A federal judge has refused to put off a decision on CBS’ request for a temporary restraining order to halt production of ABC’s “Glass House” until after the reality series premieres on June 18.
U.S. District Judge Gary Allen Feess refused ABC’s request that the court instead consider a preliminary injunction on a normal briefing schedule, which would mean that he would not decide until July 9, after the show’s debut. CBS claims the show is a ripoff of “Big Brother.”
Instead, Feess ordered ABC’s legal team to file an official response to CBS’ request for a temporary restraining order by 5 p.m. on Monday, an expedited schedule that could mean that he will make a decision some time this week.
CBS’ claims against ABC and three former producers of “Big Brother” who now work on “Glass House” or for the Alphabet network include copyright infringement and theft of trade secrets.
ABC blasted CBS in a court filing on Friday, saying, “It would be difficult to find a case featuring so intransigent a plaintiff.” And it reiterated, “Plaintiffs have claimed copyright in reality show formats for years and always lost — because stock elements, generic ideas and scenes a faire that they have repeatedly sought to copyright are not protectable.” It cited a suit that CBS filed against ABC 10 years ago, claiming “I’m a Celebrity, Get Me Out of Here” was lifted from “Survivor,” in which the court found that the shows were not “substantially similar.”
It also says that CBS’ request for a TRO “points to no evidence whatsoever — and does not even allege — that anyone working on ‘Glass House’ has taken, disclosed or used any of these alleged processes at ‘Glass House.’ ” CBS’ charge that producer Kenny Rosen lifted from the “Big Brother” guest house manual was refuted because ABC said the manual is “not a trade secret but instead common sense items that anyone with reality show experience (or real-life experience, for that matter) could compile.” ABC also said that while he had a production assistant type up the manual, he also said he returned it to his counsel who then returned it to CBS. And it said the draft “Glass House” manual “looks nothing like” the “Big Brother” manual. The former is four pages and the latter is about 50.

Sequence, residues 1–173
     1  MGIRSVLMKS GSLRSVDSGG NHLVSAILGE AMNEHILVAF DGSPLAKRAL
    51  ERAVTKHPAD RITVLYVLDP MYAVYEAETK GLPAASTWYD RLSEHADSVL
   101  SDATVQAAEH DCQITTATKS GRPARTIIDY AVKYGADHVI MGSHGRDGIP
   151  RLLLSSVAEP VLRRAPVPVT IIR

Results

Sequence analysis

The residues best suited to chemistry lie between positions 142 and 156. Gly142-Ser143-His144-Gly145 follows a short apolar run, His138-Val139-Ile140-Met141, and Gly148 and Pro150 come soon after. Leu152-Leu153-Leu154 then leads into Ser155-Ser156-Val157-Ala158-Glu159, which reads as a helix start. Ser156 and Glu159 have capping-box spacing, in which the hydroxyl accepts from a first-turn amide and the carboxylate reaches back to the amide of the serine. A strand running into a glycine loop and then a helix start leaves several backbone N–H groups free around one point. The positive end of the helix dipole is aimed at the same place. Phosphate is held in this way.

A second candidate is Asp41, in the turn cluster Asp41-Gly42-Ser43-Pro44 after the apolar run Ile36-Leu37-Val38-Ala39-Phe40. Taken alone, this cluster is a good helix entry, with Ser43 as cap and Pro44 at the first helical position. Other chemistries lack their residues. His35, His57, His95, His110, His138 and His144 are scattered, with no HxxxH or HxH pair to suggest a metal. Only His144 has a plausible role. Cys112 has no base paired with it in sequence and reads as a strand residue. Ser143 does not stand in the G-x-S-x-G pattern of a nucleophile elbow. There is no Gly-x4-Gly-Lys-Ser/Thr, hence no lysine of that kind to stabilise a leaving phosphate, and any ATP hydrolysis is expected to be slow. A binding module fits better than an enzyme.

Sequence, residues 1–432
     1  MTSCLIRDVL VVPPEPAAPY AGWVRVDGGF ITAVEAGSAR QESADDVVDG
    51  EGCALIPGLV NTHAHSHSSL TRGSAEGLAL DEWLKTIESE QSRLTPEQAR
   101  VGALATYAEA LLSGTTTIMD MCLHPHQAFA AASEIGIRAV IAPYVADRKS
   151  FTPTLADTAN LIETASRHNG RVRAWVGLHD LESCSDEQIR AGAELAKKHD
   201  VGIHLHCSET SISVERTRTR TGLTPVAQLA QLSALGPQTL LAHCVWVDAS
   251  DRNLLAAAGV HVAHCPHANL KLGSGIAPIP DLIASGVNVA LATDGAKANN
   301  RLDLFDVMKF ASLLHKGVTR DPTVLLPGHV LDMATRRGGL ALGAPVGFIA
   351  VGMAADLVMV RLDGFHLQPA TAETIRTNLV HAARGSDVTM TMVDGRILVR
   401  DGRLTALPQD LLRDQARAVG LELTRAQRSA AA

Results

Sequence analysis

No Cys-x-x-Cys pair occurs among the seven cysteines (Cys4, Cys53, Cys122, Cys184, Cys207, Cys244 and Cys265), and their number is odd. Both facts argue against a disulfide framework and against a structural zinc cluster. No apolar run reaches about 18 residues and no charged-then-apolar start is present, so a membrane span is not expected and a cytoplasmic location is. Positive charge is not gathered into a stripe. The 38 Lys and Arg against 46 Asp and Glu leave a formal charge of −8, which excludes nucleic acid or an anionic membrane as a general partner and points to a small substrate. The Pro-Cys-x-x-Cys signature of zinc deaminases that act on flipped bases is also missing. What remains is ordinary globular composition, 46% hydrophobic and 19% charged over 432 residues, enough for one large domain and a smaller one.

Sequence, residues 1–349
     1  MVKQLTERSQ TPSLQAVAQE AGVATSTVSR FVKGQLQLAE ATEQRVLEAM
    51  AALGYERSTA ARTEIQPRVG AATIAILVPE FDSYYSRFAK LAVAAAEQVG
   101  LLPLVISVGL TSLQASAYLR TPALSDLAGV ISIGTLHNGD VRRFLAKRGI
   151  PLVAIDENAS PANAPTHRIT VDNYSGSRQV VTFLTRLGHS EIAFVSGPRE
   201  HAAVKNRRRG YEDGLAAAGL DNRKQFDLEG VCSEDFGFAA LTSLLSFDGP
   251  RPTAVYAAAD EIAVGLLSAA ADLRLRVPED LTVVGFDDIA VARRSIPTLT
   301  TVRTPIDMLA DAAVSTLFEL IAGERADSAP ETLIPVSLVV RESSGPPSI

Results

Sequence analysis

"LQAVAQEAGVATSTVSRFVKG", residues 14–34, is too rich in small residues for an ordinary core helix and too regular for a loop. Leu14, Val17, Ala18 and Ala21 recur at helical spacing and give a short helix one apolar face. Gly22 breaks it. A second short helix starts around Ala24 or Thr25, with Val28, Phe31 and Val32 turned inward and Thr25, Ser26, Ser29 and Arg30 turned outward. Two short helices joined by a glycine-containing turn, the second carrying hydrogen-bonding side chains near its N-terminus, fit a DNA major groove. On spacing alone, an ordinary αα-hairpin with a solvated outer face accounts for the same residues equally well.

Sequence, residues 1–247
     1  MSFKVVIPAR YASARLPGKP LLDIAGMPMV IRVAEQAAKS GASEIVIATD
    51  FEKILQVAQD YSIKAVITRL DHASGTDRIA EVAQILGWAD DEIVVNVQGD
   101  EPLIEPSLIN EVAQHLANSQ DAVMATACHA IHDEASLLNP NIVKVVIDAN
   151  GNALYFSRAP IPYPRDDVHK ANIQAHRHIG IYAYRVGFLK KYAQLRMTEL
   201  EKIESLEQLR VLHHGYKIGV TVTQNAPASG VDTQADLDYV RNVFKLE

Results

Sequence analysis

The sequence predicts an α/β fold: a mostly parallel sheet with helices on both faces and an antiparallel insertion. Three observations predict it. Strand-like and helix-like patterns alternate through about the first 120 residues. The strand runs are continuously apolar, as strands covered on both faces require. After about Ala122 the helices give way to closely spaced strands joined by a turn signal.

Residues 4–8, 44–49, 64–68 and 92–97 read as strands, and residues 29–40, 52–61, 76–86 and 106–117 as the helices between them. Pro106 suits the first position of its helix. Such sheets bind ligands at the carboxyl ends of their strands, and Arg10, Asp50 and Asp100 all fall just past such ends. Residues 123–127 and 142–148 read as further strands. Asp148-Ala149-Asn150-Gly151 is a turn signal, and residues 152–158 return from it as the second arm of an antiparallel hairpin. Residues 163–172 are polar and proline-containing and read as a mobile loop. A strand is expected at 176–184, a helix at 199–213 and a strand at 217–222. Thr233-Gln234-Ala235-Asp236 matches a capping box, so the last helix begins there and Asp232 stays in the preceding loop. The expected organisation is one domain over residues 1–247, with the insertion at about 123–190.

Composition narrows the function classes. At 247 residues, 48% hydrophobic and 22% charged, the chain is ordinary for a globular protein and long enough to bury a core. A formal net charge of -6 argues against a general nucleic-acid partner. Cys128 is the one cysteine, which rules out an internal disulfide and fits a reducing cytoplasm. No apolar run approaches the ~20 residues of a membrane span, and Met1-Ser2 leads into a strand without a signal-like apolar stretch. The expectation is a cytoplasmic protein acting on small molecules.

CBS said in a statement earlier on Friday, “The public announcements from ABC and their producers’ own testimony about ‘Glass House’ clearly point to a program that will replicate virtually every element of ‘Big Brother.’ And, the deposition testimony included in a our court filing today further demonstrates the brazen lengths that former ‘Big Brother’ producers have gone to use confidential material, obtained while under our employment, to develop this new show.”
Its filings included a declaration from Jeff Rovin, a TV history author and expert copyright witness, concluding that “there are no programs in the current or prior art that share the unique combination of creative elements and program-specific production challenges found in both ‘Big Brother’ and ‘Glass House.’ The onscreen content and custom-crafted behind-the-scenes skill sets are, in effect, identical.”